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governance. By working together, the business and IT can better understand the needs and expectations of the users and, as appropriate, present this information to senior executive management. Start by asking the following questions: Does your organization struggle with competing (erroneous) data among departments for common entities, such as customers, budgets, statuses and priorities? Do various departments in your organization appear to be siloed, with resulting limits of coordination and share? Do you sense an inhibition to collaboration, both in terms of ability and culture? Do you have redundancies of effort, such as employees entering the same data in more than one system? Do users sometimes work at cross-purposes, requiring time-consuming redos? Do you seem to have an overabundance of manual tasks that can be automated -- for example, batch routines that await manual input from another discrete system? Is workflow in your organization murky and badly documented? Are some assets underutilized? For instance, you may find that a new server was procured for an emerging requirement, only to discover that space, processing and bandwidth already exist on present, even idle, resources. Chances are your enterprise struggles with some redundancies, silos and a ceiling on efficiency, so you should consider the variety of departments that must track resources, workload and performance: Marketing and sales. Cash receipts, cash disbursements and purchasing. Business reporting/financial statements. Production and logistics.

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Step-by-step guide for finding an ERP vendor Assessing the need for an enterprise resource planning system

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Systems and allied structures, management and processing. Human resources.

Contents
Step-by-step guide for finding an ERP vendor Assessing the need for an enterprise resource planning system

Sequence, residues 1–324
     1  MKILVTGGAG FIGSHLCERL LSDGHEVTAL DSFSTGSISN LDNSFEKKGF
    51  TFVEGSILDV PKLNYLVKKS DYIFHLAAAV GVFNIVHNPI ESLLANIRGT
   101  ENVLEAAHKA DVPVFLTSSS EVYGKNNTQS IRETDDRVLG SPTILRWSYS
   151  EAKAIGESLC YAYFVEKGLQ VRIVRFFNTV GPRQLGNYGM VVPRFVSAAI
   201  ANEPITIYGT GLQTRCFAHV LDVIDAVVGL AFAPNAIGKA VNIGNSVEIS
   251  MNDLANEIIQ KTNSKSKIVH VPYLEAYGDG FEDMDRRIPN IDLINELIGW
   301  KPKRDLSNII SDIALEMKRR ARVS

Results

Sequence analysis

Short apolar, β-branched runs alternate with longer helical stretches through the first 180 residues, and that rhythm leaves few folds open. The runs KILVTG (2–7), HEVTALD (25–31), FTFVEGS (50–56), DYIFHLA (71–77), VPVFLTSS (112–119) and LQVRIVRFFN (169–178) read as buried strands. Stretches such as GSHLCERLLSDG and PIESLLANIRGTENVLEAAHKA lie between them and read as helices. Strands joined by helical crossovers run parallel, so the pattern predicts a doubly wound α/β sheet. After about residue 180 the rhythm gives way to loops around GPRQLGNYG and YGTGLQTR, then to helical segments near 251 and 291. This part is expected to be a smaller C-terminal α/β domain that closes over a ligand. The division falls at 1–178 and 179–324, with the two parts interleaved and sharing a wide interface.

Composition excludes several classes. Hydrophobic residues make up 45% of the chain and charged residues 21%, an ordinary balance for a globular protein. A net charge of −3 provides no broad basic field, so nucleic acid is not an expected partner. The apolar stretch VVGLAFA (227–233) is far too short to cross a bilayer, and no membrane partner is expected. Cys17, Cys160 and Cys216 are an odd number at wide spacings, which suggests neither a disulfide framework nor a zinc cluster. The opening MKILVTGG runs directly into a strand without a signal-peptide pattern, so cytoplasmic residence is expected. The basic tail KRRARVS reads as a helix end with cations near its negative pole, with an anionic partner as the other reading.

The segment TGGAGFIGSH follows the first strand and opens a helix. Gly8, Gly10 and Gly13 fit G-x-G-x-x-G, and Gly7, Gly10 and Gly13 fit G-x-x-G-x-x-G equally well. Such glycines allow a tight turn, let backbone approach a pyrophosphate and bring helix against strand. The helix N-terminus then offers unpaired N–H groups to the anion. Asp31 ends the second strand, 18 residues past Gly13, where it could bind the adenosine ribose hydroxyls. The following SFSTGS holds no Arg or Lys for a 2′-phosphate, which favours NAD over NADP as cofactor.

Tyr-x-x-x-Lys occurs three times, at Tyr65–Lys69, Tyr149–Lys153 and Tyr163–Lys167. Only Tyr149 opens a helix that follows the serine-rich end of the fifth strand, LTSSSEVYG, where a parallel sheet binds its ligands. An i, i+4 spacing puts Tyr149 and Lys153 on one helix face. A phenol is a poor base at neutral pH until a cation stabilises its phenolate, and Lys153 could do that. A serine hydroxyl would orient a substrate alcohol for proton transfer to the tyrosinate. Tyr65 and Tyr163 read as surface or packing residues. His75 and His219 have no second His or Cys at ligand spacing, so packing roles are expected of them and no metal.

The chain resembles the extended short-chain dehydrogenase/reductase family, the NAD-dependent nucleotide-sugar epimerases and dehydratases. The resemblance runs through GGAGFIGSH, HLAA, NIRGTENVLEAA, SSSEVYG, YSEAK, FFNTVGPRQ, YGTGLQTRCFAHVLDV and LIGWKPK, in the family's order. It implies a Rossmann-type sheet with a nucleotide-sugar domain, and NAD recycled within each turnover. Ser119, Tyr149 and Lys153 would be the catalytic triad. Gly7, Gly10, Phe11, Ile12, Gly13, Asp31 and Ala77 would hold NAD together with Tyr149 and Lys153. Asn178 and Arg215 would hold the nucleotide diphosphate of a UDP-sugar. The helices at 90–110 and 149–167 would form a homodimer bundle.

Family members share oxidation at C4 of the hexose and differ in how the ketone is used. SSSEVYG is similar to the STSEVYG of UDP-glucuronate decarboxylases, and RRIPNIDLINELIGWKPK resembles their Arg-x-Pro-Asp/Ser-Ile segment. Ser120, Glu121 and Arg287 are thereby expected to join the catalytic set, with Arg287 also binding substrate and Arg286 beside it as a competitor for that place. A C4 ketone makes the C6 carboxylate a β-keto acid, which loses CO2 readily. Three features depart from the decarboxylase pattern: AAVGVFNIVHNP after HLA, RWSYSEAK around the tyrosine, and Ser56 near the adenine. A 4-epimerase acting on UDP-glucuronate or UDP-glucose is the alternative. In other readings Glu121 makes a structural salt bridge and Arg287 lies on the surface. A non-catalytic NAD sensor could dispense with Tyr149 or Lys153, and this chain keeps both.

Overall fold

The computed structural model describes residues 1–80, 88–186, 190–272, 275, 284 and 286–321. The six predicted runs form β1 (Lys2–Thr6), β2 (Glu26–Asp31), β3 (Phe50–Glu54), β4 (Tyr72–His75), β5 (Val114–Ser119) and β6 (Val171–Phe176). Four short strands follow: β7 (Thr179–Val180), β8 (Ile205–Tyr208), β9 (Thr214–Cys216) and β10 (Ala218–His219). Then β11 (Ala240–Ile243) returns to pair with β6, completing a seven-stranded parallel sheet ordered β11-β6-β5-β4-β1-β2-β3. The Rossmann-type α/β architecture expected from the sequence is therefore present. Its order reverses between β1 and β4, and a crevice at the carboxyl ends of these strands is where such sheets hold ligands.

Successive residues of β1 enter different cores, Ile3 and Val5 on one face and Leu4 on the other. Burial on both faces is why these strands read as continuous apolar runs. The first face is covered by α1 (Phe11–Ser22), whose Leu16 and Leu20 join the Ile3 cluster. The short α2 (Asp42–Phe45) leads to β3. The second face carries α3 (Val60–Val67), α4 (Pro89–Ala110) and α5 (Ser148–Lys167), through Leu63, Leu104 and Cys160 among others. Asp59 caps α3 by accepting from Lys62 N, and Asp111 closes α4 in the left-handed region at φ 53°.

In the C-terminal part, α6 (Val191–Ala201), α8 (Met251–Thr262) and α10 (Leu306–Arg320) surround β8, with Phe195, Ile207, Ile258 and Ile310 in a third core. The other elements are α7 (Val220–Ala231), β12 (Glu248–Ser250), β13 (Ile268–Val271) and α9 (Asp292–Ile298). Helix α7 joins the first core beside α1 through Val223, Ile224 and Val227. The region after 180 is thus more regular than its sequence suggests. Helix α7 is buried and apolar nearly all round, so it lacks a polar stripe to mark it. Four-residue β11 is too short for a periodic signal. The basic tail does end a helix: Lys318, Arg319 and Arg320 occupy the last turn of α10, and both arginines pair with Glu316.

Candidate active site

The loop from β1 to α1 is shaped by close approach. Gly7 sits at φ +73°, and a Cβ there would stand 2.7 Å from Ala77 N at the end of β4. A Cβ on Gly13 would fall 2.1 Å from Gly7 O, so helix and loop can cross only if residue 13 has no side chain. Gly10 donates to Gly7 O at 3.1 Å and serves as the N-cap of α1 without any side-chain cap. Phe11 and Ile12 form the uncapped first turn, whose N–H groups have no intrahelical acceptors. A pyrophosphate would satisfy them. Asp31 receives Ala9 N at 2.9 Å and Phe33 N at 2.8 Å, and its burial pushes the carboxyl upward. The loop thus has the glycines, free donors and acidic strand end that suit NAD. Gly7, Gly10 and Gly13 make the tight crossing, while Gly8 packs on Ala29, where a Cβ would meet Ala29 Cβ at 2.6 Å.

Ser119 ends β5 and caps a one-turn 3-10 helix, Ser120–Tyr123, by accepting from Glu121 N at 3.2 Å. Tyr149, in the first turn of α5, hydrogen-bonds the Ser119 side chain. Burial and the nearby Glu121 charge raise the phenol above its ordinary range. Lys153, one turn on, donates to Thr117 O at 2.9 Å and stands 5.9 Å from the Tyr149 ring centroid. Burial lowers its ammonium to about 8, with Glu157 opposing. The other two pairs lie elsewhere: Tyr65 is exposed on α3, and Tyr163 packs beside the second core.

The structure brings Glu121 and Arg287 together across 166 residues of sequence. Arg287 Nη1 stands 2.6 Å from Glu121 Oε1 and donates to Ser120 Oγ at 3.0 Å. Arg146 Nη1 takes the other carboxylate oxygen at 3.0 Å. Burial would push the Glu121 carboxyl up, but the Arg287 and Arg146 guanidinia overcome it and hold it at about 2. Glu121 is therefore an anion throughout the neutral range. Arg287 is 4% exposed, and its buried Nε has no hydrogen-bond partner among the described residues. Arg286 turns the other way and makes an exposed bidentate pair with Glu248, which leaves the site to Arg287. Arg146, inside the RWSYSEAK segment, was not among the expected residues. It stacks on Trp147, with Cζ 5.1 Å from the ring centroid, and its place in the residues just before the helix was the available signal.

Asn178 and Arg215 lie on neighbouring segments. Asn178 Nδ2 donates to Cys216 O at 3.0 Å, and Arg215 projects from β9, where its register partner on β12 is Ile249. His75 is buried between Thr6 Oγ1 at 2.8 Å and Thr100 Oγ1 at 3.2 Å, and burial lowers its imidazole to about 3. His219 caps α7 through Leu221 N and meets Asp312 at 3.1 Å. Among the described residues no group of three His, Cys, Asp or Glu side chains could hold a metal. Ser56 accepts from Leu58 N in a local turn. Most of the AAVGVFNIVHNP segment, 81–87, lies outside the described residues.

Look for areas of redundancy, wasted effort and duplicated resources across these areas. If you sense that there is enough weight for some measure of improvement, then compare that potential with impacts and changes that the ERP system presents to the business. How an ERP system affects the business As the IT leader, it's up to you (in conjunction with your business counterparts) to weigh the potential for improvement against a number of changes, because an enterprise resource planning system transforms the way business is done. Departments and individuals may no longer have sole discretion over data, processes or even formerly discrete resources. Certain authorities may retain securities and power over process, but a wider audience will be able to view the data, and processes may be splayed open for all to see. This transparency allows strategic planning and assessment to be more accurate and readily available for senior executives. Understand that as potentials for efficiency are exposed, and as onceindependent departments are now measured against a standard, companywide system, many individuals and departments will also feel exposed. With ERP, whatever measure of independence some departments had, they can expect to lose some, and you may experience some pushback from users. Also, consider the following: The ERP system will need to be administered and managed by both the business and IT. Depending on the size of the organization, IT may require a full-time administrator, as well as a bolstered help desk presence to support the business' use of ERP. A qualified IT person will also have to manage the vendor (including a post-implementation evaluation). Functional areas may be broken apart and rebuilt. Jobs might be eliminated, and other jobs might reform or consolidate.

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Business elements will have to understand new interfaces, new workflows and new collaboration methods. The business will have new integrated reports, metrics and judgments of performance. The enterprise must budget time and money for training and an adjustment period. Perhaps the greatest challenge: The business culture will change. The IT leader must have strong business allies, with consensus and willingness throughout the enterprise to support the major business change. When assessing an enterprise resource planning system, keep in mind the ultimate payoff: Processes become more efficient. ERP consolidates data into a central repository, enabling access to real-time, accurate information. Resources such as physical assets, time and staff are maintained by a single system of control, enablement and leverage. With proper enterprise resource planning, waste and inefficiency are driven down, while productivity and returns are driven up. Take the time to determine your needs and expectations for the best fit.

Contents
Step-by-step guide for finding an ERP vendor Assessing the need for an enterprise resource planning system

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Step-by-step guide for finding an ERP vendor Assessing the need for an enterprise resource planning system